By David J. Hill
City of Tonawanda officials on Tuesday pledged their support to rebuild the gazebo in Clinton Park, which collapsed earlier this month and seriously injured two city workers.
The workers, David Zorn and James Daugherty, were rushed to ECMC after the incident and remained hospitalized for several days. They are now recovering at home, Mayor Ron Pilozzi said this week.
Meanwhile, officials said they would like to see the gazebo restored as quickly as possible, calling it an icon of the city. Clinton Park was once regarded as the city center.
The Historical Society of the Tonawandas has offered to assist the city in any way. Patrick Barnard, the society’s board president, said the organization has a file on the gazebo, complete with pictures and a history of it.
The gazebo’s roof collapsed the afternoon of Oct. 8, trapping one worker beneath it, while another was struck by debris. A third worker wasn’t seriously hurt. Police and fire crews rushed to the scene and called in a front-end loader to free the trapped worker.
City Parks and Recreation workers were replacing the steel-encased wooden beams that held up the roof of the structure when it collapsed. Councilman Chuck Gilbert said during Tuesday night’s Council meeting that a number of the wooden beams that encased the steel beams had rotted. Recreation Director Linda Foels told the Council several weeks ago that the gazebo was deteriorating, prompting city leaders to authorize money for its repair.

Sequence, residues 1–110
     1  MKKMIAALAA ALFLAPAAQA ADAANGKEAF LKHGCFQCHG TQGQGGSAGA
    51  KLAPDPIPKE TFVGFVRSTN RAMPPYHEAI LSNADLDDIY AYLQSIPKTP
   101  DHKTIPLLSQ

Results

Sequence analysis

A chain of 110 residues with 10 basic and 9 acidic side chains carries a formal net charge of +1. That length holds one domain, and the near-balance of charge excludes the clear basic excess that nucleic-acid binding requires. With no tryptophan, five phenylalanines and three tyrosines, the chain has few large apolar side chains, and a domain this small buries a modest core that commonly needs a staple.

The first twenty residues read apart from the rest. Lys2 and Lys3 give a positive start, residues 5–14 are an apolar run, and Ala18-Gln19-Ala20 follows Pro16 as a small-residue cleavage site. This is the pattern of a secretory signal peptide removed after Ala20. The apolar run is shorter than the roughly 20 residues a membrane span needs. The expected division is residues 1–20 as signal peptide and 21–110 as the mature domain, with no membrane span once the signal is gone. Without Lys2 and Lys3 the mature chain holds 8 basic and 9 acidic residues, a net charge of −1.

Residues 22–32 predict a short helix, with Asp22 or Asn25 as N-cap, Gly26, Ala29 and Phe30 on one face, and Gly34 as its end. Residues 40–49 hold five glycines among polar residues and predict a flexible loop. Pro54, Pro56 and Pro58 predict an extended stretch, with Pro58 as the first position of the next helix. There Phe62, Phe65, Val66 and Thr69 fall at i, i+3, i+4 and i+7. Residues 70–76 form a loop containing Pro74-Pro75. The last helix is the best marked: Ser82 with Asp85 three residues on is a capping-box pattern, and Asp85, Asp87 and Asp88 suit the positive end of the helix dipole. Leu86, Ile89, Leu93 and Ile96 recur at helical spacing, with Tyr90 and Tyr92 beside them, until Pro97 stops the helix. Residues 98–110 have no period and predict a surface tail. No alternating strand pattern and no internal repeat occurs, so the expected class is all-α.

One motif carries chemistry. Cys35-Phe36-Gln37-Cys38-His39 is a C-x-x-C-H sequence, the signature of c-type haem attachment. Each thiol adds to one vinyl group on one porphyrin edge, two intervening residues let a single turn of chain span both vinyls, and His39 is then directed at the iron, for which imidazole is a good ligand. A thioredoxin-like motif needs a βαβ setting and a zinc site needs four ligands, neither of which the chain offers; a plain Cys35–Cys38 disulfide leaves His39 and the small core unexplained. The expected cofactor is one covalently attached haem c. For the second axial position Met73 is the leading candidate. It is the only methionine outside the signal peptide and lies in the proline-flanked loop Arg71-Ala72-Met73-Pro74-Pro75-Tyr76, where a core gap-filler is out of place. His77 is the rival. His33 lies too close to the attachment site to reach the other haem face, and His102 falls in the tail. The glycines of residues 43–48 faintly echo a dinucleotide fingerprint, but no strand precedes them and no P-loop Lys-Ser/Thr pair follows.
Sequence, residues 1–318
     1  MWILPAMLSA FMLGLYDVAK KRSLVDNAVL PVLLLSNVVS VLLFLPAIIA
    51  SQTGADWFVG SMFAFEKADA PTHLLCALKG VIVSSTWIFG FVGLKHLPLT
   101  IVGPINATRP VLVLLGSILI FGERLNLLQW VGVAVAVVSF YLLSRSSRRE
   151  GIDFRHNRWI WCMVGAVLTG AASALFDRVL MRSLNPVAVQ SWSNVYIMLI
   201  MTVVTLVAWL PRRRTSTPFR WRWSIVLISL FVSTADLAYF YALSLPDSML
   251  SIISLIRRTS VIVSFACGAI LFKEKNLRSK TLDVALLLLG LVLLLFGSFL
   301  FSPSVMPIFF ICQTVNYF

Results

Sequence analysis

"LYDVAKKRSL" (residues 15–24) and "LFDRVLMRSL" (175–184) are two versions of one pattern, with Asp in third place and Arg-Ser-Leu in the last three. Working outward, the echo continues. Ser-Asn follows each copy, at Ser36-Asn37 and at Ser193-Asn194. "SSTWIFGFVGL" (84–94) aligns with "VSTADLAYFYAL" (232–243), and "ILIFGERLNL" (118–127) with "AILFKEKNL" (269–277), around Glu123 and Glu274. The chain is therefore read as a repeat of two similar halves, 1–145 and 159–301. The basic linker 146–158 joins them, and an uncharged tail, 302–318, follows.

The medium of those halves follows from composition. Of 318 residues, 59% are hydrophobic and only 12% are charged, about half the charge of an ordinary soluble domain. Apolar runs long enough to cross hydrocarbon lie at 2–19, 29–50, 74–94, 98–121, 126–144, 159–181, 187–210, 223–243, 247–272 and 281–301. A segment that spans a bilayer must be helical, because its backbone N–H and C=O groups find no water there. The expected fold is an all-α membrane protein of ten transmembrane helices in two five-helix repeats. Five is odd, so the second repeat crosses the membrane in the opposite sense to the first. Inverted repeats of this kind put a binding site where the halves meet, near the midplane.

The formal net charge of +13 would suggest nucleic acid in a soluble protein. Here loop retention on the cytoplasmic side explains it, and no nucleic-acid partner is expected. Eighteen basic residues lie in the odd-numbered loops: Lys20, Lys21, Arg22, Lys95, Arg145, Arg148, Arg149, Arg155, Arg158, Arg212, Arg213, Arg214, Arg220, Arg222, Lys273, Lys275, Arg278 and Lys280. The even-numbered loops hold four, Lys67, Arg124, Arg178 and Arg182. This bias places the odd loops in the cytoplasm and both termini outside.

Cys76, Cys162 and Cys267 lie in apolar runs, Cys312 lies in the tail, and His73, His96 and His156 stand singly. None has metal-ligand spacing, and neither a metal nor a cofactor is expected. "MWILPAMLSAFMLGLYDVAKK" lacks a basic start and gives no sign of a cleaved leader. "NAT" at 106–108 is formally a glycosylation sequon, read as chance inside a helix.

The roof was broken into several pieces and hauled away. The base of the structure remained intact. William Street resident Michael Mercio told city leaders he recently saw some young children playing on the gazebo and asked the city to put up a barricade to prevent anyone from getting hurt.
City resident Gayle Syposs called for an internal investigation into how the incident occurred and who was responsible. “We will be working on making sure that doesn’t happen again,” Pilozzi said.
Common Council President Carl Zeisz asked his colleagues not to comment on the incident. “At this time, this is a legal matter being handled by our city attorney,” he said.
As for rebuilding it, Zeisz said the city has drawings of the gazebo dating back to 1924. “It’s my intent ... that we would develop an RFP to go out to bid to restore the gazebo as close to original as possible.
“Obviously I’d like to do this as quick as possible. But when I say that, that means it might take until next summer. I don’t know how long it’ll take, because the RFP process does take time and we also have to keep in mind that we have to put together the funds to pay for this,” Zeisz added.